1. emphasises the interactions between learning and
manageable assessment strategies that promote
learning
2. clearly expresses for the student and teacher the
goals of the learning activity
3. reflects a view of learning in which assessment
helps students learn more effectively, rather than
just achieve a better mark
Principals of Assessment for Learning
4. Provides ways for students to use
feedback from assessment
5. Helps students take responsibility
for their own learning
6. Is inclusive of all learners.
Designing effective learning
and assessment
When designing assessment activities, teachers
should consider whether the activity:
• has explicitly stated purposes that address the
outcomes
• is integral to the teaching and learning program
• shows a clear relationship between the outcomes
and content being assessed
• allows students to demonstrate the extent of their
knowledge, understanding and skills
Designing effective learning
and assessment (cont.)
• focuses on what was taught in class and what
students were informed would be assessed
• provides opportunities to gather information
about what further teaching and learning is required
for students to succeed
• provides valid and reliable evidence of student
learning and is fair.
Accessing Deep Knowledge
Knowledge is shallow or superficial in
a task when it does not require
students to address significant
concepts or key ideas of a topic or
subject, or when concepts or ideas are
fragmented and disconnected from a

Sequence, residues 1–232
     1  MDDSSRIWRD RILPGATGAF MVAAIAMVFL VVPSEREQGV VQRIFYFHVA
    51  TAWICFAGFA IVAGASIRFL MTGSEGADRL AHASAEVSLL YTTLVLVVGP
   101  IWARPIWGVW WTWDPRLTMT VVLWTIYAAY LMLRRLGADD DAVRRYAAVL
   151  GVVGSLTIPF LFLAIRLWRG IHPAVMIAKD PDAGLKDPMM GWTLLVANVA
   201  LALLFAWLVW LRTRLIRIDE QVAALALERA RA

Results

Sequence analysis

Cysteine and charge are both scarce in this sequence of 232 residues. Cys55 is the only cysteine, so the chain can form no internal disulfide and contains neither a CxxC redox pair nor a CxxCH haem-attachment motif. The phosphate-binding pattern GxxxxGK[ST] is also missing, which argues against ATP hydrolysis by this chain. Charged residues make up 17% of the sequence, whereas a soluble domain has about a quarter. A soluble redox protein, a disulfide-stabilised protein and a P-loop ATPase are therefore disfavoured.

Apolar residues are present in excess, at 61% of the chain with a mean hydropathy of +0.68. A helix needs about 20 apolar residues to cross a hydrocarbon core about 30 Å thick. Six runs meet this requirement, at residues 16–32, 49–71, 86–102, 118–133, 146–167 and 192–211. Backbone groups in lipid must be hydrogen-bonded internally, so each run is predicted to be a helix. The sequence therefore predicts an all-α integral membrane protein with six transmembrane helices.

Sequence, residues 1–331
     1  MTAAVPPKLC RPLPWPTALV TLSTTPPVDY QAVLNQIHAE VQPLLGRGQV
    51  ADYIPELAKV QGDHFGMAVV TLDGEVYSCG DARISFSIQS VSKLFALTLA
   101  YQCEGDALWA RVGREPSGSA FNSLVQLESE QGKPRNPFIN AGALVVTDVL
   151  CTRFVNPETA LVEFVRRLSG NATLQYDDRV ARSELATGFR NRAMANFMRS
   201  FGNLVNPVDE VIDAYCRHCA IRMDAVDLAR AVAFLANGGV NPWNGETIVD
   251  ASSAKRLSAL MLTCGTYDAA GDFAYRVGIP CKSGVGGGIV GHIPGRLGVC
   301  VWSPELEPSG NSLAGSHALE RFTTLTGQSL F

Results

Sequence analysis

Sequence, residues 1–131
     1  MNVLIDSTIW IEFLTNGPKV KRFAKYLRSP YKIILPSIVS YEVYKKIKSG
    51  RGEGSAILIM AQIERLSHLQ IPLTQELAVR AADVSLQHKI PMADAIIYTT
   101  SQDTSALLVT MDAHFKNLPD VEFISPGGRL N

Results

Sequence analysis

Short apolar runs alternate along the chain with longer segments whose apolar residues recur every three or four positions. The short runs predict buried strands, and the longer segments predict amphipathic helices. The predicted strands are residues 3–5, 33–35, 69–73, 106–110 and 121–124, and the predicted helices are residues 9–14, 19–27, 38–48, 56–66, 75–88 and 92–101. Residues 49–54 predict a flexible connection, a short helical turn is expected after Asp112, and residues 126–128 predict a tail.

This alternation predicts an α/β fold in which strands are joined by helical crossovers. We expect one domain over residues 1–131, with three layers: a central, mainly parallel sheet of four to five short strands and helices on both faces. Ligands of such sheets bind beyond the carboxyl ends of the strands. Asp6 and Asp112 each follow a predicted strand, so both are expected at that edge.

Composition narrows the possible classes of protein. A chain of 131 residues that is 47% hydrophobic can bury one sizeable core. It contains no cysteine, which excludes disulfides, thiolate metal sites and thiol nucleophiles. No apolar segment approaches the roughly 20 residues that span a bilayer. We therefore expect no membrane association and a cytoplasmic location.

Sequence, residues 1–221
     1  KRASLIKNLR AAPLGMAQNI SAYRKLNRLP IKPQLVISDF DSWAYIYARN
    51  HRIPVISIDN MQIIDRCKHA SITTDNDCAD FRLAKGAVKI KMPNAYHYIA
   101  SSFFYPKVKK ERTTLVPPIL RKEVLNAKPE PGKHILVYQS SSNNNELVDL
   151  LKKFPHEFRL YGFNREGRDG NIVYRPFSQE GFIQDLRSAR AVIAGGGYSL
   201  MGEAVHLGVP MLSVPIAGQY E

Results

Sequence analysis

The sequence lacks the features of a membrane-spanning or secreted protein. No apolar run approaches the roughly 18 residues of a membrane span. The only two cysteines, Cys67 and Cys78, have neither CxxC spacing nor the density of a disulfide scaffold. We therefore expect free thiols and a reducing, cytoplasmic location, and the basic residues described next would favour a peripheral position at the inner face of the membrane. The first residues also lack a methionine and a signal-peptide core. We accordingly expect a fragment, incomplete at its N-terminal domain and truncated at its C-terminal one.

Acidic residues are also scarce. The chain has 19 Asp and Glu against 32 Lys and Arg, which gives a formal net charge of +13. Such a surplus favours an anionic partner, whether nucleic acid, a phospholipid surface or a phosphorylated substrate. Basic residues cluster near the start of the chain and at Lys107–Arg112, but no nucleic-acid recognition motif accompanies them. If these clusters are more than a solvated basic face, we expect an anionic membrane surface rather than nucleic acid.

central focus.
Students as the experts…
Allowing students opportunities to play
an ‘expert’ role and engage in authentic
tasks for different audiences using a
range of appropriate technologies, will
assist in maximising engagement,
relevance and deep understanding.
Quality Assessment Tasks:
connect naturally with what has been taught
• address a range of outcomes within the one task
• are time efficient and manageable
• allow all students to make a start
• engage the learner
• can be successfully undertaken using a range of methods
• provide an opportunity for students to transfer knowledge from
a known context to a less familiar one
• help teachers to decide what specific help students may require
in the relevant content areas
• promote higher order thinking
•
Quality Assessment Tasks
•
•
•
•
•
•
•
provide a measure of choice or “openness”
encourage students to disclose their own
understanding of what they’ve learned
allow student to show connections between
concepts they have learned
are themselves worthwhile for students’ learning
provide a range of student responses
Modelling the process
• Developing the marking criteria (rubric)
 brainstorm what the expectation of a high
standard might look like
 use KLA syllabus language for descriptors
 use the Common Grade Scale to differentiate
between levels
Aligning Grades
 Elaborate on Common Grade Scale for each stage
and KLA to develop context
 Analyse work samples and read grade commentaries
to develop understanding of standards
Planning to Reporting
• For planning, programming & delivery think Syllabus
and Outcomes
• For assessment, recording and reporting think
Foundation Statements or Course Performance
Descriptors
• Integrated assessment; not fragmented assessing and
reporting of each individual outcome
• Common Grade Descriptors provide a common
language
Assessment
 The major purpose of assessment is to support learning and
to inform teaching.
Narrative in action to make a point
 23 Heart Surgeons agreed to observe each other in the
operating room and share their know-how, insights and
approaches.
 In the following two years, the death rate of their patients
fell by 25%.
 “Merely by emphasising teamwork and communication,
instead of functioning like solitary craftsmen, all the doctors
brought about major changes in their individual and
institutional practices.”
• Coalition of Essential Schools
(Kathleen Cushman, November 1996
•)